Customs dutiesNormal rates and notification requirements
Where are normal customs duty rates for your jurisdiction listed? Is there an exemption for low-value shipments, if so, at what level? Is there a legally binding system of information for applied tariffs or similar in place? Are there prior notification requirements for imports?
Customs duty rates are listed in the Customs Tariff, which constitutes a binding tariff information system. There are no exemptions for low-value shipments except for non-commercial goods purchased in duty-free shops (up to US$500) and travellers’ luggage.
There is no legally binding system for applied tariffs.
There are no requirements for prior notice. However, qualified goods such as chemicals, weapons, animals and others require prior control for their importation.Special rates and preferential treatment
Where are special tariff rates, such as under free trade agreements or preferential tariffs, and countries that are given preference listed?
Special tariff rates are listed in the Customs Tariff and free trade or other commercial agreements signed by Chile.
Additionally, in 2013, the Chilean congress passed a law for the elimination of duties for the least-developed countries.
How can GSP treatment for a product be obtained or removed?
There is no generalised system of preferences. Preferential treatment is granted based on the product and its origin, following the trade agreements to which Chile is a party.
Is there a duty suspension regime in place? How can duty suspension be obtained?
There is a specific regime of admission under which goods may be kept in special facilities, upon prior authorisation by Customs Authority, for up to 90 days. No duties are paid until goods are taken out of the facility. An interest rate is charged in addition to the duties if the goods are kept for more than 30 days.
On the other hand, the regulation allows for temporary admission in which no customs duties or reduced rate duties are paid during a specific period. After that period, if the goods have not been re-exported, full duties shall be paid.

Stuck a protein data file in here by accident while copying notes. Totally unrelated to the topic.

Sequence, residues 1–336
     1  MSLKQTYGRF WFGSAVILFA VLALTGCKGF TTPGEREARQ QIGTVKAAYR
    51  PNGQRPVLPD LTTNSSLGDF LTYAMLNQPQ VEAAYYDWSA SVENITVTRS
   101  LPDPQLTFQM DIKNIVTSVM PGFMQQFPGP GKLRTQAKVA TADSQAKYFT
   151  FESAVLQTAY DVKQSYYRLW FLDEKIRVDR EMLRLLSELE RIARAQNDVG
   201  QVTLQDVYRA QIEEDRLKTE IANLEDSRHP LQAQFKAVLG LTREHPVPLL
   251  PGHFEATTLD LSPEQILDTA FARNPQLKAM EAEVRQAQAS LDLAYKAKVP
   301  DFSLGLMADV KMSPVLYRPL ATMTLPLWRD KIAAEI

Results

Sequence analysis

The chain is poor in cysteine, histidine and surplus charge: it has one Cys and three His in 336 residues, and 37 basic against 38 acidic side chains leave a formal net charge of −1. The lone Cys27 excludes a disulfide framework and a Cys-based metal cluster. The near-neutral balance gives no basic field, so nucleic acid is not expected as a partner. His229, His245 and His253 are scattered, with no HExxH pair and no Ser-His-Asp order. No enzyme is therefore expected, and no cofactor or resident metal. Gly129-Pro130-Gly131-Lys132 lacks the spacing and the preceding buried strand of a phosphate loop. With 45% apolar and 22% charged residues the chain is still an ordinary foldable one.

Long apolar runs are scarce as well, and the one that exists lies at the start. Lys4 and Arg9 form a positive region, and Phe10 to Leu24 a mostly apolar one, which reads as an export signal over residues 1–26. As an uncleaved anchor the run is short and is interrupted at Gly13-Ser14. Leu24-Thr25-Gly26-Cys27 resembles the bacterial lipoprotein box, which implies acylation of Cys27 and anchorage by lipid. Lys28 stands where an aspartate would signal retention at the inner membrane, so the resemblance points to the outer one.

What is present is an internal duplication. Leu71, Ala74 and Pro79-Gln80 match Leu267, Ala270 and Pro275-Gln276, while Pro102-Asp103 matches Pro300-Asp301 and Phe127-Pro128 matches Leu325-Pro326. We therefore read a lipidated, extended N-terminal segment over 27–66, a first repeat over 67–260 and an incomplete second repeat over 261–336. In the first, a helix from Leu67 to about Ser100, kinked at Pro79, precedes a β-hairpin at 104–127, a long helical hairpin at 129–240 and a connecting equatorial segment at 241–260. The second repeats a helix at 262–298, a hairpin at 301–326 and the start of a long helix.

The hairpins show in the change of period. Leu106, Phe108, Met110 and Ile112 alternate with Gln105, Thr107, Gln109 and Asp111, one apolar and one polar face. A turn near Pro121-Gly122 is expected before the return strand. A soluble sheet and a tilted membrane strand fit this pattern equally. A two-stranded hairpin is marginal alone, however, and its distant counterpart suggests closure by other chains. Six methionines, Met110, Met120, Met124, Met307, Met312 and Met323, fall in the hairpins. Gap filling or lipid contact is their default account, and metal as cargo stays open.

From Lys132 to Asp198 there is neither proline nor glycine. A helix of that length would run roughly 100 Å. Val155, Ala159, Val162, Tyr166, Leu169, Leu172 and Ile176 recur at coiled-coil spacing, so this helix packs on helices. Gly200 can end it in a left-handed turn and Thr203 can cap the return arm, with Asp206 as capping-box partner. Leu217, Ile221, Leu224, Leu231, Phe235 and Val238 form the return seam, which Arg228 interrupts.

Additionally, importers who obtain authorised economic operators certification by the Customs Authority, and medium and small companies (ie, S corporations) who import goods that have not previously been subject to suspensive regimes provided for by law, and that meet certain legal requirements, may withdraw foreign goods that are kept in customs storage facilities for their import, without prior payment of duties, taxes, fees and other charges they may cause, except for the payment of storage and mobilisation services. However, such importers must provide an immediate execution bank cheque or insurance policy or an equivalent as a guarantee, to ensure the payment of duties, taxes and other charges, and any eventual adjustments and interest that may be accrued. In case the payment is not made within the legal term, said guarantee will be made effective until full payment of the duties, taxes and other charges due, including any adjustments and interests.
Also, foreign goods may be subject to customs deposit destination, for a period of one year, without prior payment of duties and other charges caused by their import, and must be subject to minor processes such as assembling, packaging, finishing, ironing, bagging, packaging or labelling. The requirements and guarantees that the interested parties must fulfil to authorise the referred destination will be established by supreme decree.Challenge
Where can customs decisions be challenged in your jurisdiction? What are the procedures?
There are two main options for challenging customs decisions in Chile.
The first is to submit a claim before the same authority within 15 days of its decision. The authority has 30 days to decide the claim.
The second is to file a lawsuit before the Tax and Customs courts within 90 days of the customs decision. The procedure is similar to a trial in which the authority must present its defences and there will be a period to present and discuss the evidence (including witnesses). The final decision of the court may be challenged before a court of appeal and then, if applicable, before the Supreme Court.